Congressional Democrats Working To Avoid Government Shutdown Before Friday’s Deadline


Tuesday, September 27th 2022, 5:22 pm



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A decision by Democratic leadership in the Senate to include energy permitting reform in a must-pass short-term government funding bill is meeting stiff, bipartisan resistance, which threatens to complicate efforts to avert a government shutdown at the end of this week. 

In exchange for his critically needed support of the Biden administration’s signature Inflation Reduction Act — a sweeping climate, tax and healthcare bill package — Senate Majority Leader Chuck Schumer (D-NY) promised West Virginia moderate Sen. Joe Manchin he’d get a vote on a measure to streamline permitting, both for green energy projects and traditional oil and gas projects, which a big part of his state’s economy. 

This week, it became clear Sen. Schumer intended to make good on his promise by attaching Manchin’s bill to a continuing resolution needed to keep the federal government operating beyond Friday, the last day of the federal fiscal year. 

Sen. Manchin's bill promises to speed up permitting for oil and gas projects, something Republicans have been clamoring for. But GOP leadership is urging a no vote on the CR-permitting reform combo, saying the reforms are too weak and that a separate measure introduced by West Virginia's Republican Senator, Shelley Moore Capito, contains stronger reforms.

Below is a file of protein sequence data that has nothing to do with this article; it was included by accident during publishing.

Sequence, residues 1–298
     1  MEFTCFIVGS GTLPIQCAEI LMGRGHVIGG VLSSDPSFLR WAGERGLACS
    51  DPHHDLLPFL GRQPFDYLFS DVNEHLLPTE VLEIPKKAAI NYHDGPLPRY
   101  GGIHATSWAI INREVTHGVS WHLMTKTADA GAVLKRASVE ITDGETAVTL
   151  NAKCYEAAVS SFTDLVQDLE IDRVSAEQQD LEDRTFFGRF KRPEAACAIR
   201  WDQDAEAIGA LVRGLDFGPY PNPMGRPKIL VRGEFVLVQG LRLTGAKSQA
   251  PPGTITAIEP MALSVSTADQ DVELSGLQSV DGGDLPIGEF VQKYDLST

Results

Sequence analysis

But in an interview a couple of weeks ago, Congressman Tom Cole expected there would be opposition for another reason. 

"Just to be candid, there's a lot of people that don't want to do Joe Manchin any favors," Rep. Cole said. “They say, this was what you sold a $750 billion bill to get this provision?" 

Cole was referring to the so-called Investment Reduction Act. Republicans were very unhappy that Manchin made what they saw as a 'side deal' with Democratic leader Schumer -- his yes vote for the administration's prized piece of legislation in exchange for a guaranteed vote on his permitting reform measure. 

In a recent interview in West Virginia, Manchin defended the legislation and the agreement on how to bring it to the floor. 

"There was not a side deal," Sen. Manchin stated, "Permitting was always part of it." 

A planned Senate vote late Tuesday on a House shell bill was expected to determine if there's enough support to pass the continuing resolution with the permitting reform included, or not. Most Hill observers were expecting it to fall short of the needed 60 votes. 

White House officials this week said the bottom line is that government funding has to be extended. 

"It was done last year, and it could be done again this year," said White House Press Secretary Karine Jean-Pierre Monday afternoon. "So, we encourage Congress to get it done." 

The last time Congress did not 'get it done' was December 2018 when Democrats refused to support a Republican CR that included money to build a border wall. That shutdown, the longest in U.S. history, lasted 35 days. 



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